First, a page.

It’s important to recognize that nothing we’re describing here is out of the ordinary for an industry seeking favorable treatment in the legislature. Lobbyists with good relationships with lawmakers work their connections. People and companies make perfectly legal donations. Lawmakers vote on stuff. There’s no conspiracy.

The problem is that, while legally operating, these lenders are objectively bad actors. Their products do not help people, they hurt them by strapping them with unaffordable and often inescapable debtby design. The extreme and in many cases hidden costs of borrowing money from predatory lenders is a moral as well as an economic problem, and the decision to regulate interest rates and keep loan terms fair is a moral judgment also made with the demonstrable best economic interests of consumers in mind.

So yes, there’s a lot at stake. And legislators–especially self-professed progressive Democratic legislators–who side with these loan sharks over their constituents should pay their own price.

Hot Mic, Asshole! Tensions Spike As Session Nears End

UPDATE: Via 9NEWS’ Brandon Rittiman:

A “no comment” for the weekend to chill out is probably a good idea.

—–

House Minority Leader Brian DelGrosso.

House Minority Leader Brian DelGrosso.

As the Denver Business Journal’s Ed Sealover reports, debate today in the Colorado House over House Bill 16-1388, the “ban the box” bill to disallow questions about a job applicant’s criminal history on the initial application, took a turn for the ugly:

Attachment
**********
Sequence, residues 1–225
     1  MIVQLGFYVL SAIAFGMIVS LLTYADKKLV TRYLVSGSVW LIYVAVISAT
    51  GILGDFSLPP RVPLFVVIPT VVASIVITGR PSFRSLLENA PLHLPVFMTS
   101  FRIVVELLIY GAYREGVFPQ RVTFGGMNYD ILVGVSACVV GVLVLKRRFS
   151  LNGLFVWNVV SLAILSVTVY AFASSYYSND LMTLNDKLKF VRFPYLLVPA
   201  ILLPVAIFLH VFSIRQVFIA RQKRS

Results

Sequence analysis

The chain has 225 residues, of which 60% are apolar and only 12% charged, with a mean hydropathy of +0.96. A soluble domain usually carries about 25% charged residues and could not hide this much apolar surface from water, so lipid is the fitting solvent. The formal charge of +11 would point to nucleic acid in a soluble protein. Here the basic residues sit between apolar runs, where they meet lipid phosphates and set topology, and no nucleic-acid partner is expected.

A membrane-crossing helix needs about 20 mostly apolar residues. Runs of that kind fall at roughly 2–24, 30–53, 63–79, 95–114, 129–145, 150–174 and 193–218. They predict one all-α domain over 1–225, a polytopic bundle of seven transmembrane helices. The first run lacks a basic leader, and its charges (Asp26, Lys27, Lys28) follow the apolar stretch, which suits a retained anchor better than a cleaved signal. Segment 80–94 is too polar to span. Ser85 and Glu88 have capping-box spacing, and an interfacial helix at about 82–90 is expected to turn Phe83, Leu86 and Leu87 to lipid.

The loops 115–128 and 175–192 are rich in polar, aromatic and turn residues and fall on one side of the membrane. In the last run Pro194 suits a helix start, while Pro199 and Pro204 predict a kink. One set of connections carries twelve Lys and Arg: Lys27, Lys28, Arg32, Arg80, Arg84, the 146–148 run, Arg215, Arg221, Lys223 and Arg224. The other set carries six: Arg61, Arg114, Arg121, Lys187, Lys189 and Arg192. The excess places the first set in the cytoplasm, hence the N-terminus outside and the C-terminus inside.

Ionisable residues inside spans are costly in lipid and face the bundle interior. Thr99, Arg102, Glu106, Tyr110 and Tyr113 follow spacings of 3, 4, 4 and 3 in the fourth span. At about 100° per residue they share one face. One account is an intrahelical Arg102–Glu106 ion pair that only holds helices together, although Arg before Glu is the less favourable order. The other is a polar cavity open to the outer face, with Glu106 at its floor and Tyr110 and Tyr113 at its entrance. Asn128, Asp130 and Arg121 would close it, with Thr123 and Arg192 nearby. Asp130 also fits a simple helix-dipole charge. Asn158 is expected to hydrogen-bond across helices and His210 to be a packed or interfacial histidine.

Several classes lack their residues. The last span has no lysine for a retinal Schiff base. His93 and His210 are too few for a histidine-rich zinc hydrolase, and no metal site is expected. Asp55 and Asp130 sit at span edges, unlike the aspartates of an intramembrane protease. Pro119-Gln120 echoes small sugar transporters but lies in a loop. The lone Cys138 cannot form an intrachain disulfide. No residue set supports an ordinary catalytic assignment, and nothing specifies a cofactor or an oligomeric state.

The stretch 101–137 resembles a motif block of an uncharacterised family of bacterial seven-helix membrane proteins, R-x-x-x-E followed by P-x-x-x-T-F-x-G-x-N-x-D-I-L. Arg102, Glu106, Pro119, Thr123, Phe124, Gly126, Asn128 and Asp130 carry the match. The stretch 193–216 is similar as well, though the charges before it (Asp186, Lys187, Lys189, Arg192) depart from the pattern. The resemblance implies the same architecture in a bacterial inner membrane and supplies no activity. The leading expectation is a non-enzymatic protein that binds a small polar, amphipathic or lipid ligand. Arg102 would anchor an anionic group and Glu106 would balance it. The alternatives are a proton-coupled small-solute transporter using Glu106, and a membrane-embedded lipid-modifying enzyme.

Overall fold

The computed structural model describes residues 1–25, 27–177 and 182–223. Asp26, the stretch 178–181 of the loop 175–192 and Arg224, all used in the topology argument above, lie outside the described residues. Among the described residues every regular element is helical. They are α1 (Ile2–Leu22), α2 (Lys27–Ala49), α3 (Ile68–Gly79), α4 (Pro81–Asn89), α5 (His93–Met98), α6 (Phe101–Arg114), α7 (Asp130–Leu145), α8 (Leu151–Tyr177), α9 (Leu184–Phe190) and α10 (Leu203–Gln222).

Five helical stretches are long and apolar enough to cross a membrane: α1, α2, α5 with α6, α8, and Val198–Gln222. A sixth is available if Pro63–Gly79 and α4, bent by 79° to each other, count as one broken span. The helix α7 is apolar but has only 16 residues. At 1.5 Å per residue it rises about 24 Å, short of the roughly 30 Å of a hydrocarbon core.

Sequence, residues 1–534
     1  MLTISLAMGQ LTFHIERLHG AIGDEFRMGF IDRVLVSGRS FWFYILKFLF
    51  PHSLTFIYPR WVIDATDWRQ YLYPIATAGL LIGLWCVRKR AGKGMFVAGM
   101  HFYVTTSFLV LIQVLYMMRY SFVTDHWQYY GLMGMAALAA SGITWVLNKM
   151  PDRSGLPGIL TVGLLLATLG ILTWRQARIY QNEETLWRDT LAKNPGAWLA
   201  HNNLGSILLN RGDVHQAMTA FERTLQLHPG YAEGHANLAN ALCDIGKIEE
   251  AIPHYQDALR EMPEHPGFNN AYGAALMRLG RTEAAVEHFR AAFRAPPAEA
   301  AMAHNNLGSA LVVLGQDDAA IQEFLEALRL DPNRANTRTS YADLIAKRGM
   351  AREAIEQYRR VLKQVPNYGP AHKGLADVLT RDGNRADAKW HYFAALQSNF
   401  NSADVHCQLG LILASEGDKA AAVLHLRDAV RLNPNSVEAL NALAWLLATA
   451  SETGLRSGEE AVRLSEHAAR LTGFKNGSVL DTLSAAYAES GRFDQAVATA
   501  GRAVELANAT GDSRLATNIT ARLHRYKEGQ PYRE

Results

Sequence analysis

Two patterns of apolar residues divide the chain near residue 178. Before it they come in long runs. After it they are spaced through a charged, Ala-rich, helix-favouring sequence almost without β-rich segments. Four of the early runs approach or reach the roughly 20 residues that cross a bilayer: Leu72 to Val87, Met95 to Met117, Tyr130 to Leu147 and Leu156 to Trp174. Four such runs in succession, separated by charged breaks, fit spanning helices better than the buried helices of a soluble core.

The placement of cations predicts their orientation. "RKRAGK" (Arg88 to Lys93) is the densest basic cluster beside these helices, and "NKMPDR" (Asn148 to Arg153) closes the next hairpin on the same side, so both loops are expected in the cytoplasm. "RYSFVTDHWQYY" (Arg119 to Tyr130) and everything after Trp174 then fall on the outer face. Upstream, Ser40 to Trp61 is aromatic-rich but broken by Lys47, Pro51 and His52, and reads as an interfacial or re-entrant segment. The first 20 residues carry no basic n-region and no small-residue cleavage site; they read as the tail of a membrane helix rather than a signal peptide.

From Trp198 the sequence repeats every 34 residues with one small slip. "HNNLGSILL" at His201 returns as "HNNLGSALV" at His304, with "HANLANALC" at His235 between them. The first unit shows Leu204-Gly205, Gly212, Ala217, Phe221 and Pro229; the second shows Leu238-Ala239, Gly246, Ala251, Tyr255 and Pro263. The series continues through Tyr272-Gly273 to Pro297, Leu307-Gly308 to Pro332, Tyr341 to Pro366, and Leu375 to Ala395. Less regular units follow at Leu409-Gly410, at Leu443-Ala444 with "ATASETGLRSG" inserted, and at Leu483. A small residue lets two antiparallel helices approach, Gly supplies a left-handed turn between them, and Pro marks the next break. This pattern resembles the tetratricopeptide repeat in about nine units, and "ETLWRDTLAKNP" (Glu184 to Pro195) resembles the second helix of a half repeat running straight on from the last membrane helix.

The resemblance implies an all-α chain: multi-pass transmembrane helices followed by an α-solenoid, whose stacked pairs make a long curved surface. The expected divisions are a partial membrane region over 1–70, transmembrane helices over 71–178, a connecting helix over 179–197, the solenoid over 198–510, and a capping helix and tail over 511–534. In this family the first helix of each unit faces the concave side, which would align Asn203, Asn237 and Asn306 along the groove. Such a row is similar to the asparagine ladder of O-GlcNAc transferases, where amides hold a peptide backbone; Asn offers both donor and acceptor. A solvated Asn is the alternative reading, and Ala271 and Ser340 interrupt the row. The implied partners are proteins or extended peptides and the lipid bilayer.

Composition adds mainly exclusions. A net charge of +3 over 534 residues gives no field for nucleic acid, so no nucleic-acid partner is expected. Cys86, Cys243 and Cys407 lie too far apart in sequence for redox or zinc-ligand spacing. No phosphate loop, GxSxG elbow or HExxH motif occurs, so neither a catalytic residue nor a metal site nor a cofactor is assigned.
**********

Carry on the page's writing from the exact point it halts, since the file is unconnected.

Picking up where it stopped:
House Bill 1388, sponsored by Rep. Beth McCann, D-Denver, would ban employers from asking people to check a box on job-application forms if they have a criminal record.

It would not ban those same companies from checking applicants’ criminal histories independently or from asking during in-person interviews about such histories…

Rep. Joe Salazar, D-Thornton, however, said that the boxes on these application forms are no different than boxes that asked people about their age and disability status and were used to weed out older and disabled candidates before the federal government put a stop to that several decades ago. Those who oppose the bill “are on the wrong side of history,” he said.